Health and Medical News and Resources

General interest items edited by Janice Flahiff

News Literacy Project Trains Young People to Be Skeptical Media Consumers (and Health News Evaluation Tips)

Yesterday evening the PBS News Hour had an engaging segment on a news literacy program in several major American cities.
The students learn how to separate fact from fiction in news.

The transcript and video of this 13 December PBS News Hour item may  be found here.


JEFFREY BROWN: The lesson is part of an effort called the News Literacy Project, a four-year-old program now taught to middle and high school students in 21 inner-city and suburban schools in the Washington, D.C., area, New York City, and Chicago.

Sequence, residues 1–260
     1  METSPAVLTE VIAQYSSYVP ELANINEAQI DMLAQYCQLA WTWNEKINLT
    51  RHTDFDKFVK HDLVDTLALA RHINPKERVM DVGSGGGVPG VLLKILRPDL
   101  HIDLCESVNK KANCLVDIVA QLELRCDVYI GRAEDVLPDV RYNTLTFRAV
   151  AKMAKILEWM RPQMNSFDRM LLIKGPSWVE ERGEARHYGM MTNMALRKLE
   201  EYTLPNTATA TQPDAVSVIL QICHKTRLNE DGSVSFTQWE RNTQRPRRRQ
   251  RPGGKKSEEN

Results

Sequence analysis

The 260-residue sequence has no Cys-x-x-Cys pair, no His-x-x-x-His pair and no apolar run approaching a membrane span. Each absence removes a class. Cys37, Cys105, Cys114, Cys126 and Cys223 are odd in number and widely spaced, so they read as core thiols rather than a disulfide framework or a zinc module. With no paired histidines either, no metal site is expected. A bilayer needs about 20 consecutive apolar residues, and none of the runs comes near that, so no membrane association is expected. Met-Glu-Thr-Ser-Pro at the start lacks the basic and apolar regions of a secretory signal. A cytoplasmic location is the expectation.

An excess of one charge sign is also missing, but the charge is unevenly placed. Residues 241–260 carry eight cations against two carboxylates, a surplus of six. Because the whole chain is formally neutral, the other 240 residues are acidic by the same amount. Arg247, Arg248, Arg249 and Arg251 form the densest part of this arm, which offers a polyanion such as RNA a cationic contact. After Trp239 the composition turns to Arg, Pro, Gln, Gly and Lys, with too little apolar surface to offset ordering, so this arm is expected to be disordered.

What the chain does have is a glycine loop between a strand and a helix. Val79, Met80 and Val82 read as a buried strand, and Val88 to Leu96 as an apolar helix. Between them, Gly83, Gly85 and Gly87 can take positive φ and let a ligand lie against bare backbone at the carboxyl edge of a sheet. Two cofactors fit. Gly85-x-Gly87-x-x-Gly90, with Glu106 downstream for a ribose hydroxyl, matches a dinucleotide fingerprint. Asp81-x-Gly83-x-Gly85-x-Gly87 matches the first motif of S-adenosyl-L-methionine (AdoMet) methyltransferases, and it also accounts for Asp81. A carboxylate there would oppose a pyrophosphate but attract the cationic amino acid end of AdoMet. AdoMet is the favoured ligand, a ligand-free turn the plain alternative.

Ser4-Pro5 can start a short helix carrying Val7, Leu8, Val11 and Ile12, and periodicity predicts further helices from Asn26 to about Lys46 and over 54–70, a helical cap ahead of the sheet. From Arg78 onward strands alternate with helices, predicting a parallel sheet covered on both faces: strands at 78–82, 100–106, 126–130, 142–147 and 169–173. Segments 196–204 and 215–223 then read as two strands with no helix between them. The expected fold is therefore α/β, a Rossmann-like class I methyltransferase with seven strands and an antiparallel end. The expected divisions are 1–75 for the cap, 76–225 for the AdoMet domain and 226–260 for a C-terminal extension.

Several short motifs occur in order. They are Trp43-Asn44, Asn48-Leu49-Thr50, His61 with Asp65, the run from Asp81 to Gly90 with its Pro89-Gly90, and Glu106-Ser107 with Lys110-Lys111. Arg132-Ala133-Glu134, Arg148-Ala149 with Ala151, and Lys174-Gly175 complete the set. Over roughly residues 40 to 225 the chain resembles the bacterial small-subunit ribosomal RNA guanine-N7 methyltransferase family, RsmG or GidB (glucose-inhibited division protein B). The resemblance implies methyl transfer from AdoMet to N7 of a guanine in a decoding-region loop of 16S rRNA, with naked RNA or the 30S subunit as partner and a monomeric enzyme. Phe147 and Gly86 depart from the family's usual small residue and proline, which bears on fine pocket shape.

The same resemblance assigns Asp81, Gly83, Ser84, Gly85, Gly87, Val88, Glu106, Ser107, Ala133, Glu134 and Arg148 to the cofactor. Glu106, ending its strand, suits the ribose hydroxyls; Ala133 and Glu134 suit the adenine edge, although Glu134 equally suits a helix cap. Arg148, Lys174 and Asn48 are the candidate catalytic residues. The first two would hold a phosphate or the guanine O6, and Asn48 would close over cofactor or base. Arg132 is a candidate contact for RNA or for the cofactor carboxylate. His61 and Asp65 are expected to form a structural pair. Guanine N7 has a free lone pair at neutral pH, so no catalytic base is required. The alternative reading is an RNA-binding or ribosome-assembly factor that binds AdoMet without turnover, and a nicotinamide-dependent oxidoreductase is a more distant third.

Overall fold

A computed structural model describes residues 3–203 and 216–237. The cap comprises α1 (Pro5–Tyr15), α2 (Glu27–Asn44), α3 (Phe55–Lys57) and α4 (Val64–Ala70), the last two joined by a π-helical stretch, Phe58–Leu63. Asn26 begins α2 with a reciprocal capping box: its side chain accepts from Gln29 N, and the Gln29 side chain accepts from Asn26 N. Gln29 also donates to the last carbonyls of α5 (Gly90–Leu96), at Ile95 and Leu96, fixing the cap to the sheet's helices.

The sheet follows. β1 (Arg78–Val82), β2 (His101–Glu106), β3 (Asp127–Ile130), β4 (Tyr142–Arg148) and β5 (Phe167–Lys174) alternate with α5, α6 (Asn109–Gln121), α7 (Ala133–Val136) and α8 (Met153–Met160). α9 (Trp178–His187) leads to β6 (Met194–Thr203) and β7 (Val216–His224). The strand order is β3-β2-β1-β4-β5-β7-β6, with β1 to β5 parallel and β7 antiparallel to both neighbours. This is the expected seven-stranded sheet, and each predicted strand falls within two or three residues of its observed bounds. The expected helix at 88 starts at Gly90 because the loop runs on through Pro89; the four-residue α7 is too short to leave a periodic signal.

It was started by former Los Angeles Times investigative reporter and Pulitzer Prize winner Alan Miller.

ALAN MILLER, News Literacy Project: A century ago, Mark Twain said that a lie can get halfway around the world while truth is still putting on its shoes. In this hyperlinked information age, a lie can get all the way around the world and back while truth is still getting out of bed.

There is so much potential here for misinformation, for propaganda, for spin, all of the myriad sources that are out there. More and more of, the onus is shifting to the consumer.

JEFFREY BROWN: And a slew of recent studies supports the notion that young people seek out traditional news sources less and less and that they have a difficult time knowing how to judge the legitimacy of the information that does come at them.



Of course, I thought of some of my posts on health literacy…






December 14, 2011 - Posted by | Consumer Health, Finding Aids/Directories | , ,

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